Austin is the handsome lad in the red tie.
For most, graduating from junior high school is not that big of a deal. You show up every day (in the kitchen for homeschoolers like mine) and you do the work. Then BAM! You graduate. Austin told me in January that he “didn’t want to do that stupid graduation thing.” “Fine,” I replied. And thought that it would be painful to force him… and relieved that we didn’t have to go through it either. THEN, Rick and I were accepted on the AFHE Board (AZ Families for Home Education) … and our tune changed. We found out that AFHE puts on a junior high graduate recognition ceremony at the Phx. Civic Center…. and being board members, we thought we should give it a go. So we signed up Austin and didn’t tell him for more than two months. We didn’t want to torture him for more than seven days.
Yes, that’s the rat face. As it happened, the graduation was on Friday night so we told Austin that he would be participating on the Sunday night right before the ceremony. I was a little surprised by his nonchalant response. I suspect that he was secretly disappointed that we didn’t do any of that stupid graduation stuff. The ceremony was first class with over 60 grads. Even the speaker was good! Then we had an open house for Austin and invited all those who have participated in his life. A great time was had by all.
The little trophy on the right is from Austin dominating in a marshmallow eating contest. Makes a mama proud. Speaking of being a mama, when my first homeschool child graduated from junior high, I felt like I had succeeded. I had successfully guided a child through elementary and junior high school and most of my hair had not been pulled out of my head by my own hands. I distinctly remember congratulating the other moms in the crowd. We did it! This time, however, it was much more an example of God’s mercy and love …. getting THIS child through eight years of home instruction. Austin didn’t learn to read until he was eight years old and the only reason he even started THEN was because his younger brother started before him. It wasn’t for my lack of trying either. In his kindergarten year, I checked back through my daily plans and I had shown him the letter F 67 days in a row… and there was no recognition AT ALL. My husband, the principal of our homeschool, was called in at that time and I handed in my resignation. He refused to accept it and I had to have a parent-teacher conference in the bathroom mirror. I prayed like all good homeschooling moms pray, “Dear God, Don’t let me wreck this kid. Please.”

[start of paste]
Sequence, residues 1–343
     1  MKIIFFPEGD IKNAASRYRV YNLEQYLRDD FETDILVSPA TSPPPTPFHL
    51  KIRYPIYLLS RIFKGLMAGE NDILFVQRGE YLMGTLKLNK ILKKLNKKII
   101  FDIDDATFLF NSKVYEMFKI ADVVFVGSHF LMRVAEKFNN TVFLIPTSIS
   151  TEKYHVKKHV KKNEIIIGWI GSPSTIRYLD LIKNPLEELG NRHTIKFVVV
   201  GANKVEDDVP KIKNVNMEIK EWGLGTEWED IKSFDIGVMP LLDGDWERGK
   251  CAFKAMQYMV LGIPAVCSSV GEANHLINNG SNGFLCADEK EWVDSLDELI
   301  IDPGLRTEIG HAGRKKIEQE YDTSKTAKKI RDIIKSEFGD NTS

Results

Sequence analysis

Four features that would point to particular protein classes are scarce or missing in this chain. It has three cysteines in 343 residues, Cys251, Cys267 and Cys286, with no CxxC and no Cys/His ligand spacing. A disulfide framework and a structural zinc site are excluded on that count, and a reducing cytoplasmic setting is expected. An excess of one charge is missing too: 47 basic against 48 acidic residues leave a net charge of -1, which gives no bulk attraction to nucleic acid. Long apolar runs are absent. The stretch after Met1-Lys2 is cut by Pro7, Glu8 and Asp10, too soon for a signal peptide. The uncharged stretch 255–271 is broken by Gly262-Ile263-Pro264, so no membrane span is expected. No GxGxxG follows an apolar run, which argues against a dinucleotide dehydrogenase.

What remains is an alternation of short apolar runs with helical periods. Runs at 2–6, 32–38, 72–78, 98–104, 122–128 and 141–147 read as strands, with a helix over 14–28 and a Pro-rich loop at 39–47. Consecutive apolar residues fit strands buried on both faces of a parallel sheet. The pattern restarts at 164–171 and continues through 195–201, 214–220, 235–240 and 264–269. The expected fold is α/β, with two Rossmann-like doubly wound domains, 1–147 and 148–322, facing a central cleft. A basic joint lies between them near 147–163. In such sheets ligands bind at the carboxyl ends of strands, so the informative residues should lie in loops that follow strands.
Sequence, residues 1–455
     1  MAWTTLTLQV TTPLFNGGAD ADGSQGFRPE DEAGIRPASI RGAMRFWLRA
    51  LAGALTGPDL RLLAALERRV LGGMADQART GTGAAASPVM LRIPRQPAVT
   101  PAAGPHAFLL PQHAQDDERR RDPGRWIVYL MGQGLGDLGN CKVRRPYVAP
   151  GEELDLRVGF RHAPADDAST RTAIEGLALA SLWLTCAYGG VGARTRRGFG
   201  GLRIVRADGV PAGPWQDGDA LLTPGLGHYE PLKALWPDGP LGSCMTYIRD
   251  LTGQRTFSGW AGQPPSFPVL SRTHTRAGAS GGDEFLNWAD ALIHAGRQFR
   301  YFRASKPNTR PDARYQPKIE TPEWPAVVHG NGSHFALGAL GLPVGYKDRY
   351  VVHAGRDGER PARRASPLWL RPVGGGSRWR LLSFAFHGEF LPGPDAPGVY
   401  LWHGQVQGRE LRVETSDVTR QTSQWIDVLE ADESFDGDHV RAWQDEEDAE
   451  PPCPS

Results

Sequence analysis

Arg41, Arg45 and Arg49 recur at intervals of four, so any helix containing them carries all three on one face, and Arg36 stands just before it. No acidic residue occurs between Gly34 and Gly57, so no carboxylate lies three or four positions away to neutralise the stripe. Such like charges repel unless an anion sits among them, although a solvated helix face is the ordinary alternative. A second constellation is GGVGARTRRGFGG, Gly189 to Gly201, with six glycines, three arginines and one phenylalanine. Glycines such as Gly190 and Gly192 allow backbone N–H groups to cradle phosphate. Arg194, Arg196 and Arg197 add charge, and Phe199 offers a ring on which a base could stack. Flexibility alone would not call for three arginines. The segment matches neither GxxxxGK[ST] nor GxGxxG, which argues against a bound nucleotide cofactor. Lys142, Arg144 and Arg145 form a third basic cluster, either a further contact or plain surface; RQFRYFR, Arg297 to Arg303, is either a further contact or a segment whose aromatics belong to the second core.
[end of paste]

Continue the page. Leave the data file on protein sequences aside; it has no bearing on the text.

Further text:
An amazing occurence transpired in spite of a tragedy. When Austin was in third grade (and doing grade 5 math with me reading aloud all the word problems to him) my husband, the principal of our homeschool, separated his Achille’s tendon and was off work for three months. Being homeschoolers with no strings attached, we went on a “21 National Parks“ field trip of the western side of the U.S.A. from April to June. We did take a bit of math with us. We did listen to multiple audio books. We did chart the moon’s cycles. We did see AWESOME sights that God had made for us to behold. But no teaching was forthcoming for three months. Just like God to show that Austin’s learning had NOTHING to do with me…. it was on that trip that Austin learned to read.
As homeschool parents, we chose this path for training our kids in Godliness and character development. Those were more important to us than learning how to line up, raise your hand, ask to go to the bathroom, and grammar, quite frankly. We have been rewarded by God filling in the gaps where we have fallen short. God gave us these kids to impact for eternity and it’s a pleasure and challenge to spend most of their early years with them.
Congratulations, Austin. We are so proud of you, dude.